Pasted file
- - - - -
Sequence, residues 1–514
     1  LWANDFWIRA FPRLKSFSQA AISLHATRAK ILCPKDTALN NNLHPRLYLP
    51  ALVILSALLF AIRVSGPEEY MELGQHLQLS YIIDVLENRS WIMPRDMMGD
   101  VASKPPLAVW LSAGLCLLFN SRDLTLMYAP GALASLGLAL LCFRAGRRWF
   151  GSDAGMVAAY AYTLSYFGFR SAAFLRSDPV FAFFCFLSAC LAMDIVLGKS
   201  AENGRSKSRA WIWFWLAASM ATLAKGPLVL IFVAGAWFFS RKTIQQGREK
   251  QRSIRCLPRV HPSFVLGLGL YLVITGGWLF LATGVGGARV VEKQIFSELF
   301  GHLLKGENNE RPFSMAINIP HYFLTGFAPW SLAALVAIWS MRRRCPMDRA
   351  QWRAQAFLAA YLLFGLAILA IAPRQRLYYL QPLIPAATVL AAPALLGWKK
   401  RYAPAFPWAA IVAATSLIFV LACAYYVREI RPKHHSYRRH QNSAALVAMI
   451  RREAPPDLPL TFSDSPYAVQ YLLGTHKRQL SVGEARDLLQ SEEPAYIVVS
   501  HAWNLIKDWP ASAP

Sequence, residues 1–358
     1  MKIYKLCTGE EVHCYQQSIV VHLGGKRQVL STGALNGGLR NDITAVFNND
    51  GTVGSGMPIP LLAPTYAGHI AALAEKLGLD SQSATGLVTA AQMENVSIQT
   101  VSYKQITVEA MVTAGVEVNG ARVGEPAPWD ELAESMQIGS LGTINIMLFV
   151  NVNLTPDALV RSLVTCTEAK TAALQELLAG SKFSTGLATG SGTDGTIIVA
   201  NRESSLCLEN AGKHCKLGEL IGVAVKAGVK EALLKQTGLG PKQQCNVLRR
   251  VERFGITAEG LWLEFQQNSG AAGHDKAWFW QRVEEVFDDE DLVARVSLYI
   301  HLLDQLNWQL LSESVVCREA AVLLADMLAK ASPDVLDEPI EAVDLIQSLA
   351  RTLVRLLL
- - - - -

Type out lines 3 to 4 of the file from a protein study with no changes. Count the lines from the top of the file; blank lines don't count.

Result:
    51  ALVILSALLF AIRVSGPEEY MELGQHLQLS YIIDVLENRS WIMPRDMMGD
   101  VASKPPLAVW LSAGLCLLFN SRDLTLMYAP GALASLGLAL LCFRAGRRWF